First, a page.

Cultural Adaptation

    A cultural adaption is the knowledge or behavior that enables humans or groups to adjust, survive, and thrive in their environment. One way humans culturally adapt to their environment is through the use of tools. As mentioned earlier in the chapter, some non-human species do have a rudimentary culture as evidenced by their use of tools. Whether it is dolphins using sponges to protect their beaks when hunting fish on the ocean floor, chimpanzees using sticks to "fish" for termites, otters using a rock to break open a shell or humans hunting with a bow and arrow, the use of tools is a cultural adaptation that improves the species chances of survival in their environment. Humans, however, "use culture fulfill their basic biological needs for food, drink, shelter, comfort, and reproduction" (Kottak 2012, p. 21) as well as fulfilling basic psychological and emotional needs.

    Definition: cultural adaptation

    The knowledge or behavior that enables humans or groups to adjust, survive and thrive in their environment.

    Figure \(\PageIndex{1}\): Cultural Adaptations - Tool Use

    Image 1: Sea Otter uses a rock to break a shell open, 2008, by Brocken Inaglory under CC BY-SA 3.0.
    Image 2: Bonobo at the San Diego Zoo "fishing" for termites, 2005, by Mike R. under CC BY-SA 3.0.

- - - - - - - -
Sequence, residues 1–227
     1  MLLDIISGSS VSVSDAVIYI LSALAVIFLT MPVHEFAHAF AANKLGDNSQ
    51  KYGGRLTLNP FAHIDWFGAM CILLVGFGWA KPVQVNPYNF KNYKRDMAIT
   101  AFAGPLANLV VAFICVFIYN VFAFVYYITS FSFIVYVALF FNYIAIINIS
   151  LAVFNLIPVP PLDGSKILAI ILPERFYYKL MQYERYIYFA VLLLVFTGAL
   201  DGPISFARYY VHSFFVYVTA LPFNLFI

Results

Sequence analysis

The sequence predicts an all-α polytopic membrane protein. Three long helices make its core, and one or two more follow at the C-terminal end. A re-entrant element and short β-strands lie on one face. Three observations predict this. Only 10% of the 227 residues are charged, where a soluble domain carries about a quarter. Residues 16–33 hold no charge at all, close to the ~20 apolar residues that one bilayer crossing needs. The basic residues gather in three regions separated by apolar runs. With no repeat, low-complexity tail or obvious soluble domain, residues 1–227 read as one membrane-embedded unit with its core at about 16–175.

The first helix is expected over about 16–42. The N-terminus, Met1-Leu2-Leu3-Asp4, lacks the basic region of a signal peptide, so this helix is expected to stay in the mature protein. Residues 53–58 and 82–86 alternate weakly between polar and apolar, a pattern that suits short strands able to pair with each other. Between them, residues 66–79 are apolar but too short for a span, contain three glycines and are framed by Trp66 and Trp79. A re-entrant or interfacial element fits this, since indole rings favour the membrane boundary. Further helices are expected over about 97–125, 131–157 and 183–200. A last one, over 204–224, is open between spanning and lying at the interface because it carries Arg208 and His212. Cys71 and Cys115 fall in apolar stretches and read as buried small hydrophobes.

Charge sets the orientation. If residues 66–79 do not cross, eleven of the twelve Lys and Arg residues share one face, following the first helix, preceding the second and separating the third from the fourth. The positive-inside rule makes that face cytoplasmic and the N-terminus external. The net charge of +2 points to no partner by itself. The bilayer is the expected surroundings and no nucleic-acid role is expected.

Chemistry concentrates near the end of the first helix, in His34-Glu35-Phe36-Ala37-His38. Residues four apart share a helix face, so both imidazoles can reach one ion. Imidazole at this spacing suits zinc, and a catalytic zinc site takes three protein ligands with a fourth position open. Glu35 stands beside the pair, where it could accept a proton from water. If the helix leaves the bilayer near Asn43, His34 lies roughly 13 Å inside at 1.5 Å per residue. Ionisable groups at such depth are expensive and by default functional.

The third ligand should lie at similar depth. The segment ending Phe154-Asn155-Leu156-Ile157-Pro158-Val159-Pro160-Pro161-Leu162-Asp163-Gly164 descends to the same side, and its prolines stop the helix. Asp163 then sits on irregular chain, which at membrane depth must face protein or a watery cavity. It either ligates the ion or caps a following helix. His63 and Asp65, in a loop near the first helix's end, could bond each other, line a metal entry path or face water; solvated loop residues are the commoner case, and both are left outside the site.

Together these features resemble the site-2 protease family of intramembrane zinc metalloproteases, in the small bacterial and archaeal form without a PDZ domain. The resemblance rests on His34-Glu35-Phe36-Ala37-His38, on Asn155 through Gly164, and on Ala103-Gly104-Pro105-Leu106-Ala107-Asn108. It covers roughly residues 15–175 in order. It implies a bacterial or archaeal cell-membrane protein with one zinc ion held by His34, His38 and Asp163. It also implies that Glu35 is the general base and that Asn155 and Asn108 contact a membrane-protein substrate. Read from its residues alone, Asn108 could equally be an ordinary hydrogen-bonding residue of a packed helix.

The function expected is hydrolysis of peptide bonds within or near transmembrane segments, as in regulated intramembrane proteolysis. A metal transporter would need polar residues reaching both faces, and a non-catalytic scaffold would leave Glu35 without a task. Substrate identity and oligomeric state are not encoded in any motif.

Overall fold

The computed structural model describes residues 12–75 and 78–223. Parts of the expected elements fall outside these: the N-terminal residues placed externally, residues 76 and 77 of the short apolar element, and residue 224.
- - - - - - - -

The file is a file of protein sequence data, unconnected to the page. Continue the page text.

Image 3: Macaca fascicularis aurea using a stone tool, 2013, by Haslam M, Gumert MD, Biro D, Carvalho S, Malaivijitnond S under CC BY.
    Image 4: Young Man with a Bow and Arrow, Lubwa, Zambia, c1905-1940, by Unknown under Public Domain.

    Cultural adaptations can occur at any time and may be as simple as putting on a coat when it is cold or as complicated as engineering, building, and installing a heating system in a building, or building a space station for human habitation. Cultural adaptation has enabled humans to survive in harsh environments. However, not all cultural adaptations have been beneficial. While the goal of adaptive traits is to enhance human ability to be successful and survive in their environment, some traits have become maladaptive. That is they have become more harmful than helpful and could actually threaten the survival of the people. One example is the use of air conditioners. Although air conditioners improved our lives and made it easier to live in hot and humid conditions, older air conditioners released chlorofluorocarbons and contributed to the depletion of the ozone layer which protects us from harmful ultraviolet rays. Over a long period of time, this would have a negative effect on life on earth.

    Figure \(\PageIndex{2}\): Self-portrait of Tracy Caldwell Dyson in the Cupola module of the International Space Station observing the Earth below during Expedition 24, 2010, by NASA/Tracy Caldwell Dyson under Public Domain.


    Kottak, Conrad P. Mirror for Humanity: A Concise Introduction to Cultural Anthropology. New York, N.Y: McGraw-Hill, 2012.

    2.3: Culture As An Adaptive Mechanism is shared under a CC BY-SA license and was authored, remixed, and/or curated by LibreTexts.